Big two clash set to lay down marker for season

Updated / Tuesday, 20 Mar 2018 10:12

'The League of Ireland is now mirroring that of many others, where competitions are being dominated by the top two teams.'

By Paul Corry

Three games played, three wins, nine goals scored. Cork are out of the blocks like a 100 metre sprinter for the second year running.

Like Usain Bolt in his prime, it is hard to see how anyone can keep up with the consistency and dominance that has been set in the last few years by Cork and Dundalk.

After a somewhat nervy finish to the 2017 campaign, it seems that John Caulfield has adapted well to life post Sean Maguire. With such a big void to fill, Caulfield has changed the dynamic of his side.

Cork have been renowned in recent years for their ability to soak up pressure and punish sides on the counter attack with the speed and finishing ability of Maguire.

This season I have seen a change in approach. In Graham Cummins, Cork have an excellent focal point but do not possess a significant threat in behind opposition defences. For this reason, they have had to look towards the ability of Gearoid Morrissey and co in midfield to supply the architects in Kieran Sadlier and Barry McNamee to unlock opposition defences.

With the likes of Sadlier and Karl Sheppard naturally coming off the flanks the width is supplied in abundance from Shane Griffin and Steven Beattie.

As we have already seen in the three league games and the President’s Cup, Cork now have a number of different routes to goal with what seems a more expansive, creative style which opponents will struggle to deal with.

Stephen Kenny’s ability to develop players has once again left him the victim of his own success. Dundalk have begun the new campaign in transition, following the departure of a number of David McMilan, Patrick McEleney and Niclas Vemmelund at the end of the 2017 season. Kenny’s sides have always had a defined style of play and often it takes time for new recruits to adapt.

With some of their new signings not having played in the League of Ireland before, it may take a few weeks before we see Dundalk at their best. That said, Dundalk still have key personnel from their title-winning campaigns, in particular Stephen O’Donnell. His fitness will be critical to their success.

When O’Donnell plays, he acts like a conductor, orchestrating others around him. His ability to dictate games, knowing when to quicken the tempo and knowing when to slow it down, is vital for their style of play and enables them to dominate possession and games. He returns to the squad for the fixture on Friday.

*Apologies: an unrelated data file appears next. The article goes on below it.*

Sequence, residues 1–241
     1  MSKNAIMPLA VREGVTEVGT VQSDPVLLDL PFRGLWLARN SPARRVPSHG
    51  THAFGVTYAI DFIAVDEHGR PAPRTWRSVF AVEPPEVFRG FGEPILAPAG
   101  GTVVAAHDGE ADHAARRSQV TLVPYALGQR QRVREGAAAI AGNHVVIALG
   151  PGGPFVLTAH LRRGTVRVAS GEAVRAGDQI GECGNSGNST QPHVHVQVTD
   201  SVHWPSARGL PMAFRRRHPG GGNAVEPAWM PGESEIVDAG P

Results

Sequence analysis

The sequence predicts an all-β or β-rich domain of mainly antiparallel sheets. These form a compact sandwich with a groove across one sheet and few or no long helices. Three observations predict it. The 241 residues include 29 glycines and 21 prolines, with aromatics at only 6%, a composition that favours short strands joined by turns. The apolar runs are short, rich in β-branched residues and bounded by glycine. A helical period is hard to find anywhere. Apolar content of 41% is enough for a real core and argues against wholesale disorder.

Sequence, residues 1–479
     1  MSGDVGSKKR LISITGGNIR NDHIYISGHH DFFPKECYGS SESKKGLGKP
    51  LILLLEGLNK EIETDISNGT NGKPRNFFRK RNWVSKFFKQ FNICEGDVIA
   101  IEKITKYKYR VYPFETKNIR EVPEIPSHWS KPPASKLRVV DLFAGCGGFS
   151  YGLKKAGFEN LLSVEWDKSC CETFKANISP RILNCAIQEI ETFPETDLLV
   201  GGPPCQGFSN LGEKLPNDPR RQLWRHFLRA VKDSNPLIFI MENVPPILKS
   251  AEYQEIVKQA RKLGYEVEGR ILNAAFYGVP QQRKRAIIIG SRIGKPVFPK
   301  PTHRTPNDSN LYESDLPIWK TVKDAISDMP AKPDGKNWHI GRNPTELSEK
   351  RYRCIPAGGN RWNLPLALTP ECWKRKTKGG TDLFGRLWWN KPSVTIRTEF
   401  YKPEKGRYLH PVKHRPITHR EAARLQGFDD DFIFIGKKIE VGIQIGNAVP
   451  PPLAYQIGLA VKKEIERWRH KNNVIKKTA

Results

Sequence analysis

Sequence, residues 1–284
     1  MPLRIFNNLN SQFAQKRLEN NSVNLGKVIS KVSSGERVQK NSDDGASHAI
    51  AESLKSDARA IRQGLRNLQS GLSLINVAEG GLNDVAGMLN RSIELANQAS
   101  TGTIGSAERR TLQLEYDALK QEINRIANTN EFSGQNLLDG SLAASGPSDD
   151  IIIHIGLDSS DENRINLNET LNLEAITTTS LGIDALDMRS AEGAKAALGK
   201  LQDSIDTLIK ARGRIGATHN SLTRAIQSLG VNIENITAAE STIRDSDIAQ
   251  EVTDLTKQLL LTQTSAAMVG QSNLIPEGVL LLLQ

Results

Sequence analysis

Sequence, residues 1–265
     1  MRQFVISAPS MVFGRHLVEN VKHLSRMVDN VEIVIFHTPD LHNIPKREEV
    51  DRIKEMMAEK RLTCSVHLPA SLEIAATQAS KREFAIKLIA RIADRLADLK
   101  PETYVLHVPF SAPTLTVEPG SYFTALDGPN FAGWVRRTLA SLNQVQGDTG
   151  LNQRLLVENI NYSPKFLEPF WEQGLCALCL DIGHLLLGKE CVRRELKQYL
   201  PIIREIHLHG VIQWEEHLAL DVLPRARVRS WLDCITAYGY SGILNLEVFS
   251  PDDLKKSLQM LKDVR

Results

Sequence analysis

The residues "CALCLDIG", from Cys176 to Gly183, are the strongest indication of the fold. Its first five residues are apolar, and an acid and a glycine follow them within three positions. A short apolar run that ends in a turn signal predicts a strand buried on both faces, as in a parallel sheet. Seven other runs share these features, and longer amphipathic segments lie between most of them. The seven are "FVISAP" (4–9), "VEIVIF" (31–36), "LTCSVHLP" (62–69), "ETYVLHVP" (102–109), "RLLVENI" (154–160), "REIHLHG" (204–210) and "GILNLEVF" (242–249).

It is in the final third where Dundalk with have to answer questions, with much pressure lying on the shoulders of Patrick Hoban to replace the goals of Dave McMillan. Similar to Cummins, his supply will be critical to his success.

Deploying Robbie Benson further up the pitch would be something I would like to see. A genius both on and off it, his creativity and an eye for a pass is as good as there is in the league. Should he be granted more of a licence to roam, he will have the key to unlocking defences.

With others such as Dylan Connolly, Michael Duffy, Jamie McGrath and Ronan Murray in his ranks, Kenny has great variety and depth to his squad.

Similar to Cork they have a number of different avenues to goal and should they click like they did against Limerick; they possess a potent threat to all.

The consistency and experience of both Cork and Dundalk’s defensive units set them apart from the chasing pack. Their ability to minimise mistakes, manage games and churn out results has been crucial to their success.

Without doubt we have seen a gap appear in recent seasons. The undoubted quality and hunger for success of the players is proving difficult for others squads to compete with.

The fruits of successful European campaigns are certainly helping solidify their sustained success, but the job of both managers is not to be underestimated.

Their ability to recruit, motivate, innovate and improve is ultimately driving the gap between them and the others.

The League of Ireland is now mirroring that of many others, where competitions are being dominated by the top two teams. It is difficult to see how anyone can work their way into competing with Cork and Dundalk.

The question now is whether we will have a two-horse race or another Cork cakewalk - in that respect Friday night should be very revealing.